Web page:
Three years ago, IK Enemkpali made a big mistake -- "a young mistake," he called it. He was only 19, coming off a promising redshirt freshman year at Louisiana Tech. He was out one night in early April at Rabb's Steak House, an off-campus haunt in Ruston, Louisiana. There was a bar fight shortly after 1 a.m., and Enemkpali ended up striking an off-duty, undercover police officer who was working security at the bar.
Details are sketchy, but Enemkpali (pronounced: IN-em-PALL-ee) lost his temper in a bad way. A uniformed officer arrived on the scene and used pepper spray on him, but that didn't subdue him. Finally, the officer stunned Enemkpali with a Taser, reports said. He was arrested and charged with battery on a police officer and disturbing the peace/drunk, according to court records. He spent more than three hours in a holding cell at the Lincoln Parish Detention Center and was suspended indefinitely from the football team.
In the months leading up to the most recent NFL draft, Enemkpali was grilled about the incident by every team that interviewed him, including the New York Jets. There are dozens like him in every draft, players that step outside the law. Some let their misdeeds define them. Others try to use their transgressions to make them better people. Enemkpali wanted his prospective employers to know he belongs to the latter category. He made an impression on the Jets, who drafted the undersized pass-rusher in the sixth round.
"I was just being a young. [It was] a young, hot-headed decision," Enemkpali said at last weekend's rookie camp, looking back on his arrest. "I didn't think about everything. If I knew what I know now, I would've gotten myself out of that situation.
"I lost my cool," he added. "That's what it was. I didn't know he was undercover, which is no excuse, but ... Yeah, I lost my cool."
The charge was amended to simple battery and, on Jan. 25, 2012, Enemkpali received a suspended jail sentence and was placed on 13 months of probation. He was ordered to perform 32 hours of community service and to complete an anger management course, according to court documents. He also was fined $200. He never missed any games, as he was reinstated before the 2011 season.
Enemkpali rallied from the adversity, finishing with 17.5 career sacks (third on the school's all-time list) and making All-Conference USA as a senior. Perhaps his proudest accomplishment was becoming a team captain. In that role, he addressed younger teammates on the importance of staying out of trouble. He shared his experience, hoping they could learn from his mistake.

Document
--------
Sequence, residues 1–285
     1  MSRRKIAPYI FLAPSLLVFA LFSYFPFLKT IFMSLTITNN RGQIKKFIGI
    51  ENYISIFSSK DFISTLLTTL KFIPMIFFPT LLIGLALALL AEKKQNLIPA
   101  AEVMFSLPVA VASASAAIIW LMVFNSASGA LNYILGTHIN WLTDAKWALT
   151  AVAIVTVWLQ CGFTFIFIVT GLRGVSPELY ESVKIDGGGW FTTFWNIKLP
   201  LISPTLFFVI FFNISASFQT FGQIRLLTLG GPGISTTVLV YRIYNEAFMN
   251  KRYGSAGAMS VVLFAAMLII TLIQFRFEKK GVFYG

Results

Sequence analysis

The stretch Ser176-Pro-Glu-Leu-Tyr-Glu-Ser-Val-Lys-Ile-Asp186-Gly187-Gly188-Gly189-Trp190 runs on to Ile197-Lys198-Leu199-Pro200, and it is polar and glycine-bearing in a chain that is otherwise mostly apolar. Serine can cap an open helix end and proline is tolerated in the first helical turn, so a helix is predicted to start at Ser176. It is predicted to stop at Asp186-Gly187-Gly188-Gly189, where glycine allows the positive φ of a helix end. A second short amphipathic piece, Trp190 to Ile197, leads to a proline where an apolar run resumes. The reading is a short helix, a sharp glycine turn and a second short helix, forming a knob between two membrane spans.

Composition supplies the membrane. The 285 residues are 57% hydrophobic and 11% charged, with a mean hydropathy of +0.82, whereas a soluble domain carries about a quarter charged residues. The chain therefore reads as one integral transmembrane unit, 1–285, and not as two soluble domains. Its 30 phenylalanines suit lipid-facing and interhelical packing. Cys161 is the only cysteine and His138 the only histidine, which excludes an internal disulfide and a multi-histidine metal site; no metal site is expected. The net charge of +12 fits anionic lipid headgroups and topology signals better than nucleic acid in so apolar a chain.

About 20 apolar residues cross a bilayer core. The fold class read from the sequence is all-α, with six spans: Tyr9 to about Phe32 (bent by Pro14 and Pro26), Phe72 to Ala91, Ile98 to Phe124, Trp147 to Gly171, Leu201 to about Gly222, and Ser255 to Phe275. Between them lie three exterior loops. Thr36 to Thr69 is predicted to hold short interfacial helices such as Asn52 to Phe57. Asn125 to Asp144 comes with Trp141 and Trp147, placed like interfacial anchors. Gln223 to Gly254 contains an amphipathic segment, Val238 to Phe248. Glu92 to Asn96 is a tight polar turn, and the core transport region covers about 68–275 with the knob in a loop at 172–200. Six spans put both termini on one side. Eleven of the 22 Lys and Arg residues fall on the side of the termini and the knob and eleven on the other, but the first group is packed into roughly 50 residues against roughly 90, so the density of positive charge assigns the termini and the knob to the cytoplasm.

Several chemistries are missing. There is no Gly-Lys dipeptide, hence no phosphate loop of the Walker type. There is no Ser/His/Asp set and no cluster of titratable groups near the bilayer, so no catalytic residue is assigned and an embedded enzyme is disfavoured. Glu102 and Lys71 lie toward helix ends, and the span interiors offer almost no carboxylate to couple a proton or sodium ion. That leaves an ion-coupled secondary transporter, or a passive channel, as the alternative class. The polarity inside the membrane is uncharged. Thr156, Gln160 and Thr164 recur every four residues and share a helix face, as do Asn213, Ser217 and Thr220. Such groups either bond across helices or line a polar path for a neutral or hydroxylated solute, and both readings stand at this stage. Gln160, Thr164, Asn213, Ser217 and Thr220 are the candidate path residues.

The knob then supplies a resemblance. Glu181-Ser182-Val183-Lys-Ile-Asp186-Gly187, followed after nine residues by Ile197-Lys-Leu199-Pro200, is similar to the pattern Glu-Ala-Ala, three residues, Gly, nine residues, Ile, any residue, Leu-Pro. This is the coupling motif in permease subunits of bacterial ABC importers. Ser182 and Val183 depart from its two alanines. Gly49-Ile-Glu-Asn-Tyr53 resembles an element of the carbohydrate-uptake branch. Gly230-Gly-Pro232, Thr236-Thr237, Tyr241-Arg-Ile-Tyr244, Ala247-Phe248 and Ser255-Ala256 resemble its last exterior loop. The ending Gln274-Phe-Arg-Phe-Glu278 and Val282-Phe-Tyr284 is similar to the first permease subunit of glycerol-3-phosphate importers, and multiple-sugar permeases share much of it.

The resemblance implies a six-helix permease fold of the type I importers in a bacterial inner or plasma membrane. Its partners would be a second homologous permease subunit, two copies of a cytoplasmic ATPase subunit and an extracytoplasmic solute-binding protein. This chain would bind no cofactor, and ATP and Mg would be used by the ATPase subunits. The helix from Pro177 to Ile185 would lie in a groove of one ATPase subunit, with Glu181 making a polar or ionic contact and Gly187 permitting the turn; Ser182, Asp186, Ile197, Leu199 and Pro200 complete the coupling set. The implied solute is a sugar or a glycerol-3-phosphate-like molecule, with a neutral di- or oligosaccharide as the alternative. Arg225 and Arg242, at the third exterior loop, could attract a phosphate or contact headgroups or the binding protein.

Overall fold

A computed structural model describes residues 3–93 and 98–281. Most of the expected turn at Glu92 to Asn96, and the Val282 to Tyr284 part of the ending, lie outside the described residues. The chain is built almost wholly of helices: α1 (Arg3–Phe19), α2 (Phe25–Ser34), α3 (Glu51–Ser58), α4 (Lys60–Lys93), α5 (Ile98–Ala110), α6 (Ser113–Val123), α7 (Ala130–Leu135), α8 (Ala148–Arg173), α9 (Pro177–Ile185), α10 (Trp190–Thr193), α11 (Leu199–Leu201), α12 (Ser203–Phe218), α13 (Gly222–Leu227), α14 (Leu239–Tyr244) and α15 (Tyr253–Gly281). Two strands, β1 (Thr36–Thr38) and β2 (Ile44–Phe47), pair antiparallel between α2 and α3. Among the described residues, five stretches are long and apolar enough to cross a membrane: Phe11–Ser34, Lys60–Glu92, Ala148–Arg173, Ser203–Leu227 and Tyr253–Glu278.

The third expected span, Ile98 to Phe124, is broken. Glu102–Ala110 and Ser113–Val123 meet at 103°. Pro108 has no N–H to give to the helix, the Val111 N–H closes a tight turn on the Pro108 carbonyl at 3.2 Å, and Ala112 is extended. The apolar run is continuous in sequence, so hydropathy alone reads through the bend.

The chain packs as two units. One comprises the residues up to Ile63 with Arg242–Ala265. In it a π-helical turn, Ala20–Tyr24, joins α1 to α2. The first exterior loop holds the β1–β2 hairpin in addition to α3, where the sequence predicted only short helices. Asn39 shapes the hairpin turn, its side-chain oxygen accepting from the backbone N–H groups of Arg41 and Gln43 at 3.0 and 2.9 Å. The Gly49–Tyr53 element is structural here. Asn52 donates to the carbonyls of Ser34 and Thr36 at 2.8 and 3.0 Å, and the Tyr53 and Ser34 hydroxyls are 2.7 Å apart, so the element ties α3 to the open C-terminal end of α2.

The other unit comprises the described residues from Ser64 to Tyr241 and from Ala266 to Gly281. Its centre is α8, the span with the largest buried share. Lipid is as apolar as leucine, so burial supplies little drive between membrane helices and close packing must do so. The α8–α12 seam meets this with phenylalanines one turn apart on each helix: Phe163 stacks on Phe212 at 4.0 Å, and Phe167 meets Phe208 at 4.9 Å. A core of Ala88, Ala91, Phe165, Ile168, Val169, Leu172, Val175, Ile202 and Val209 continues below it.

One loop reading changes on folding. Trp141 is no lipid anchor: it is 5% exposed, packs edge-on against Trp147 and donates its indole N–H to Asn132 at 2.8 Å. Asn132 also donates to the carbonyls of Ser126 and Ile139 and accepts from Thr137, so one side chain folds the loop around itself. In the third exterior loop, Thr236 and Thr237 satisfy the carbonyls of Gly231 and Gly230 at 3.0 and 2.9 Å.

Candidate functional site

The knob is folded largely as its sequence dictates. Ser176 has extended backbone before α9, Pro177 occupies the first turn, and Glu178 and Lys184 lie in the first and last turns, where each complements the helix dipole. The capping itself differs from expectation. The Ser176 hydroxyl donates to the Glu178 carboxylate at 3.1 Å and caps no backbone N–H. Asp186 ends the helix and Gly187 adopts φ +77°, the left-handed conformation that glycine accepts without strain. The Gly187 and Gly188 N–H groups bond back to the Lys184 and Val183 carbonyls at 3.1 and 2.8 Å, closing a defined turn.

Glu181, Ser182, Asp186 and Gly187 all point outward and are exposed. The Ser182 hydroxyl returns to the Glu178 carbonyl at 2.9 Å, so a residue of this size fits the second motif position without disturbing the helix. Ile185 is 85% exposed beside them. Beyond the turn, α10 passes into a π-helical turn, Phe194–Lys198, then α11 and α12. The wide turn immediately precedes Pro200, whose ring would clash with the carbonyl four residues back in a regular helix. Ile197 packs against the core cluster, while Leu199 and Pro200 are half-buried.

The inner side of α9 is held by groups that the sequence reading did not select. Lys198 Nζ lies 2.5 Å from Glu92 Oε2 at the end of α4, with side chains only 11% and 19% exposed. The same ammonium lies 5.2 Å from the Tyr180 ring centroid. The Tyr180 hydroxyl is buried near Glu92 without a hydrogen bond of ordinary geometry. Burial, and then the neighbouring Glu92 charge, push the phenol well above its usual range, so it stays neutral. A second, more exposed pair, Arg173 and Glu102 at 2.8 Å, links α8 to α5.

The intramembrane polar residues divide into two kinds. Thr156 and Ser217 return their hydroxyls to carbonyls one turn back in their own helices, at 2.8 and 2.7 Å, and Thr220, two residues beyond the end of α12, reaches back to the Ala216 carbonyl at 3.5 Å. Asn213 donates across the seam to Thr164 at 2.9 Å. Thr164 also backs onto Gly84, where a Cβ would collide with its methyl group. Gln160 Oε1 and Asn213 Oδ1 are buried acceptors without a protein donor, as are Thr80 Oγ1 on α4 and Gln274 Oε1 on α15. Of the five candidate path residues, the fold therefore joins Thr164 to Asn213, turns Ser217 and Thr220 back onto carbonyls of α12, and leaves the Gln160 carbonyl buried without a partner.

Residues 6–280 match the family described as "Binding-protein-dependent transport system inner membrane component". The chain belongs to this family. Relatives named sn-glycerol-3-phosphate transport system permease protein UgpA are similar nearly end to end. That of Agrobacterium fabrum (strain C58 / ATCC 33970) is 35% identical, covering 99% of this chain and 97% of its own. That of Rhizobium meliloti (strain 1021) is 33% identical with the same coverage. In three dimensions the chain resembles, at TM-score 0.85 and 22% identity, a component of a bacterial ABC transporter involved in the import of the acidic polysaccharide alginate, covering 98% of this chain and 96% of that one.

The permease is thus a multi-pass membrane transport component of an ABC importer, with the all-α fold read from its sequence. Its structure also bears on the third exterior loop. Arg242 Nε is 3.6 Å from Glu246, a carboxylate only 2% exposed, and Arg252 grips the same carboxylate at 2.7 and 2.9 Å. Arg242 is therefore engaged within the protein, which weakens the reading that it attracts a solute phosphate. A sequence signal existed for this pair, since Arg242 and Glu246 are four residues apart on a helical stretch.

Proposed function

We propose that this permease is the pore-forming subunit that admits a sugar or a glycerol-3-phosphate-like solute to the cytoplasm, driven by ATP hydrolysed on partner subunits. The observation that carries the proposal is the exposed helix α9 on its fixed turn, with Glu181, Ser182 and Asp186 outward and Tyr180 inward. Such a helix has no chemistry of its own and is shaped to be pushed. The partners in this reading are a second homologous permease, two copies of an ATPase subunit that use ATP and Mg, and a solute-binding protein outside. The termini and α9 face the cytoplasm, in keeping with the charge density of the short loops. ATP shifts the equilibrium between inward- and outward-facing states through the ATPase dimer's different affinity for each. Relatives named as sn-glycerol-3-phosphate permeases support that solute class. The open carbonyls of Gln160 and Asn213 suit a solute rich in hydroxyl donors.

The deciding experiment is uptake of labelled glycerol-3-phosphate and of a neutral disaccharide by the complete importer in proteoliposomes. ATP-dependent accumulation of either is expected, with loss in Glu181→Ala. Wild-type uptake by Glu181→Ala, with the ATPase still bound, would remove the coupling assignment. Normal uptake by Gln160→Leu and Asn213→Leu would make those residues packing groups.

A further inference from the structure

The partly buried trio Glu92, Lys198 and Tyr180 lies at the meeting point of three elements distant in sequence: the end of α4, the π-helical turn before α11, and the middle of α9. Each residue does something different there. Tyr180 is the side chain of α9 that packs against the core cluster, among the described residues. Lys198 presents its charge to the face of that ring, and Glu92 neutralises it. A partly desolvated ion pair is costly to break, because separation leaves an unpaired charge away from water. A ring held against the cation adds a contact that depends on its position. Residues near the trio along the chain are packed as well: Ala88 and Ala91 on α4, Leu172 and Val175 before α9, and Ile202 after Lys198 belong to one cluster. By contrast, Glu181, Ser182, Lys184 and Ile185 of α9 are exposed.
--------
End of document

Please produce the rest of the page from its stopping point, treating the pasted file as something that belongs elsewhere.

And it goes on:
"I learned a whole bunch," he said. "I learned not to take this game for granted. I learned that even what I do off the field can look selfish. What I do affects my team and my family. I take a lot of pride in my last name and bringing good things to it. I kind of tarnished it a little bit."
An official from another team that checked into Enemkpali's background came away with the belief that the bar fight was "an isolated incident." The official, speaking on the condition of anonymity, said Enemkpali "got hooked into it because he was helping somebody else out. I don't think he was the cause of it. ... He's a good kid, a really good student, a leader and a captain."
The Jets hope he can sack the quarterback. Jets coach Rex Ryan shared that sentiment in his first conversation with Enemkpali.
"When Rex called me on draft day, he asked if I'm ready to get after the quarterback," he said. "I'm not going to brag on myself, but that's what they called me in here for."
At 6-foot-1, 261 pounds, Enemkpali looks more like a fullback than an edge-rusher, but some of the league's top pass-rushers are undersized. He mentioned Dwight Freeney, Robert Mathis and Hall of Famer John Randle, a 6-foot-1 defensive tackle who went undrafted out of Texas A&M-Kingsville. Enemkpali, who grew up in Austin, Texas, watched a lot of tape of Randle. He sees his size as a positive, not a negative.
"I feel like I've got power behind me, and I can turn my speed into power," said Enemkpali, learning to play outside linebacker in the Jets' base 3-4 defense. "If they over-set me, I feel like I have the ability to come inside. Low man wins in football. On the edge, if you don't give them a surface to hit, they really can't block. Those big O-linemen, they're not going to bend, so I've already got the advantage of being short. If you stay low, it's a win-win."
Enemkpali's speed came into question at the scouting combine, where he ran a disappointing 5.01 seconds in the 40. As one opposing scout said, "It wasn't bad, it was awful." No doubt, it contributed to his fall to the sixth round. The same scout was stunned because Enemkpali never seemed slow on the field, rushing the quarterback.
"He's not real fast, but, man, his play speed is good," the scout said. "He's got burst, he's got acceleration and his instincts are good enough."
A 40-yard dash doesn't always quantify a player's true ability. Enemkpali already has proven that he won't let a few bad seconds, acted out in a late-night bar fight, bring him down.